I have a friend who currently resides in Russia. And I have a friend in Ireland. And I have more than one friend in England. And of course I have friends on the west coast, and friends on the east coast.
When you have friends who live anywhere besides your county you run into an issue with timezones. When you have friends in other countries this gets a little weird.
“Good evening! How has your day been?”
“Well, it’s morning here, but it’s been going well so far.”
Then there’s the whole issue with the fact that because it’s morning there, it’s also tomorrow. You’re sitting happily at home on the night of the 13th, and they’re already living on the morning of the 14th. They’re living in the future. It’s freaky! Unless, of course, your friends live west of you, in which case they’re actually living in the past. Which is significantly less cool but probably more disturbing.
So there are these things called timezones. why do they exist? Because the Earth rotates, so the sun rises and sets, and we assign different numbers to the position of the sun and regulate our day around them. But people live all over the world, so the sun rises and sets at different times for everyone. For some reason it would just be too weird if the sun rose at 4:00 PM so we invented timezones so that The sun would rise at roughly the same time for everyone all over the world. But we are now stuck with recalibrating every time we talk to someone in a different timezone than us. This is important to know, or else you’ll be calling your best friend in Iraq at 1:00 AM, which would not be polite at all.
The sun rises in the East, so the further east you go the earlier in the day it rises. The farther west you go, the later it is. So 7:00 AM EST is 3:00 AM PST. This sounds backwards, but the reasoning is that the sun hasn’t risen in California yet. It’s still dark there, and will be for another four hours. So it’s 3:00 AM; a time when everyone is resting soundly in bed, and you’d better not call your Hollywood buddies just yet if you’re living in Virginia.
That’s straightforward enough, but if you keep wrapping around the globe you get off by eight hours, then twelve, finally sixteen, and that’s where the living in tomorrow thing happens. Fortunately you can’t be more than 23 hours off, because the world is only 24 hours in diameter.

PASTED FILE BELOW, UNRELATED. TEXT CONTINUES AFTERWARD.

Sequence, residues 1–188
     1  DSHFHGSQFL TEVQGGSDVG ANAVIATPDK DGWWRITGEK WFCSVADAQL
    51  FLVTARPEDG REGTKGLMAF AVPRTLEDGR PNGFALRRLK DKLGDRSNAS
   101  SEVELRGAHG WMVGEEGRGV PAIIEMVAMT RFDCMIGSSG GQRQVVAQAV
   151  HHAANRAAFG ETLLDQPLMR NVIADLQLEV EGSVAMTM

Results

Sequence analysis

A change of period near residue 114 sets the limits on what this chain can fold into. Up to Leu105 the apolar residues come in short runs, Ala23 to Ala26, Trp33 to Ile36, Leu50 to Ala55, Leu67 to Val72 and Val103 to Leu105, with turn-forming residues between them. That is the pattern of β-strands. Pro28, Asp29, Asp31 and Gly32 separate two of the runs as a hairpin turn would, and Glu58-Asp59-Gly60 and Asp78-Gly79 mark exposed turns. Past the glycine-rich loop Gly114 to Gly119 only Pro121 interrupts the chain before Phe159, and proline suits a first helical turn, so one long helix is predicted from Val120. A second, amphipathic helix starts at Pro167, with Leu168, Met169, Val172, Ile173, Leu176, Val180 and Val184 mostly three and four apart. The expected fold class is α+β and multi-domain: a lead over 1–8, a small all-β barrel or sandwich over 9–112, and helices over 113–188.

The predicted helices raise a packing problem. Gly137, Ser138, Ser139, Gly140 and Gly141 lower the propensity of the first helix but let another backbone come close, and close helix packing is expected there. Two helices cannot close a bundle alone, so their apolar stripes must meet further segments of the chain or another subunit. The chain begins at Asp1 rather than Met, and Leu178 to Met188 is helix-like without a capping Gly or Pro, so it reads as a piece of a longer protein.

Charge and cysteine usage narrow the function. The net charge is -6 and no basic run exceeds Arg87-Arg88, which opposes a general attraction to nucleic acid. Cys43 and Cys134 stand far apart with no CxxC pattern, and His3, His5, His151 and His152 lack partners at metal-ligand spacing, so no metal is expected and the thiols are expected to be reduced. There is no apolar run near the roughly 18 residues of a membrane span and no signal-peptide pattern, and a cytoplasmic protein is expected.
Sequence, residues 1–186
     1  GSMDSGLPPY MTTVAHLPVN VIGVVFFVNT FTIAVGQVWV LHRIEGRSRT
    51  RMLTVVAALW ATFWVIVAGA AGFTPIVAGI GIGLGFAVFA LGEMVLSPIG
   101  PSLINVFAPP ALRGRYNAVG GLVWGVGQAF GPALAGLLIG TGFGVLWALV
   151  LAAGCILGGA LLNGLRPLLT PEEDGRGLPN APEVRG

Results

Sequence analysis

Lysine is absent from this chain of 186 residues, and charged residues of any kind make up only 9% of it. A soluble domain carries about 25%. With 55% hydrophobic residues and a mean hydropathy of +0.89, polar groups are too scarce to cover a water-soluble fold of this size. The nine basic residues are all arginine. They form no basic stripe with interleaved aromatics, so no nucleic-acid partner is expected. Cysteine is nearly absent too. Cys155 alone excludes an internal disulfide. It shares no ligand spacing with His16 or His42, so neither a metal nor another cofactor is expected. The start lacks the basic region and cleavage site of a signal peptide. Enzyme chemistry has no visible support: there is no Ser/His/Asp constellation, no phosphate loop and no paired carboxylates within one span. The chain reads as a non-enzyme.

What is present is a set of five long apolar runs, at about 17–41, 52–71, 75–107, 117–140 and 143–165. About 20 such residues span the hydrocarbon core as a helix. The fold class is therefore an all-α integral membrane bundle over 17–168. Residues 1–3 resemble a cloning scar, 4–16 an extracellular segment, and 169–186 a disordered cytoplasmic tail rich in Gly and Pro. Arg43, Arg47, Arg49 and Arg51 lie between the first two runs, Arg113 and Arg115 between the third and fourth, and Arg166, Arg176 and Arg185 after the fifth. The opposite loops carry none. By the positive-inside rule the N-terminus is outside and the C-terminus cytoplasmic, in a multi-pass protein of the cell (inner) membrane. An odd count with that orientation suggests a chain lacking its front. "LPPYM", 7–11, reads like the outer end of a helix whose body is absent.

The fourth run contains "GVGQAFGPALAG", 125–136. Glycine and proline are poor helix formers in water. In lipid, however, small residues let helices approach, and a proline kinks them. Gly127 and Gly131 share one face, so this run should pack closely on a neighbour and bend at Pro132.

So if you live in another country you learn to wrap your mind around all these different time zones, and you learn what is meant by local time, and you know that if it’s 6:00 AM in Russia it’s 9:00 PM in Kentucky, and then you go home and you start writing science fiction.
Here’s the problem with science fiction. Not all planets have 24 hours between sunrise and sunrise. In fact, it would be very rare to have two planets with the same day length like that – even if they’re close they won’t be the same. So now you don’t just have different timezones, you have alternate timezones. If a planet has a faster rotation then your 8:00 AM will be a different time on each day. They’ll only cycle around maybe twice a month.
So on Monday 8:00 AM is 6:00 AM. And on Tuesday it’s 1:00 AM. And on Wednesday it’s 11:00 PM. And on Thursday it’s 7:00 PM. And if that’s not confusing enough, they’re experiencing the same issue in reverse. And if you have a widely populated galaxy this problem is expanded on and confounded further and multiplied by every star system, every planet, every inhabited asteroid! There would be no way to memorize the time table. You’d have to do a different complex mathematical problem every time you made a phone call. And let’s not forget, each planet is also divided up into their own timezones.
“What timezone are you on, so I know when to call again?”
“Oh, I’m on Main Eastern Time, Planet Gargyle. We won’t be in sync during daylight hours for another ten days.”
And so somebody, somewhere, is going to do all the math and compile a pocket guide of timezones and planetary rotations for the year, and everyone will have a subscription to it just like a phone book. It will be a best seller and they’ll come out with a new one annually with new listings, and accounting for adjustments in orbits and changes in date systems and whatnot. And the galaxy will love it and cherish it forever.
Until. One clever guy decides he’s tired of having to look up in a book every time he wants to call his sweetheart on Centauri IV, and he thinks it’s ridiculous all this waiting around so that you can make a business call at 10:00 AM like proper, and thinks “Hey, we’ve managed to travel light speeds, why not figure out how to beat those speeds and solve all these communication issues forever?” and then he’ll come up with a theory, which everyone will laugh at, but someone will love and build a prototype, and it will work and suddenly we’ve developed telephones that travel through time. And those people in the future can talk to you kn the past, and the light will bend around whatever gravity it needs to speed up or slow down and you can schedule a call at 10:00 AM regardless of what planet you’re on, or timezone you’re in and it will do whatever time traveling shenanigans it needs to to get back in time or forward in it so’s not to wake anyone up at an ungodly hour.
And it will break the laws of physics, so we’ll invent a new physics. And then time will cease to have any meaning at all, so we’ll invent a new time. And then we will be living in a strange new world where we can order the rising and setting of the sun at our pleasure and immortality will be within our grasp, and the perfect crime will have been invented, so the police will declare that there is no such thing as crime. And it will all be strange, and marvelous and terrifying, but it will have one remarkable feature.
When you call your friend in Russia you won’t have to worry about waking him up in the middle of the night.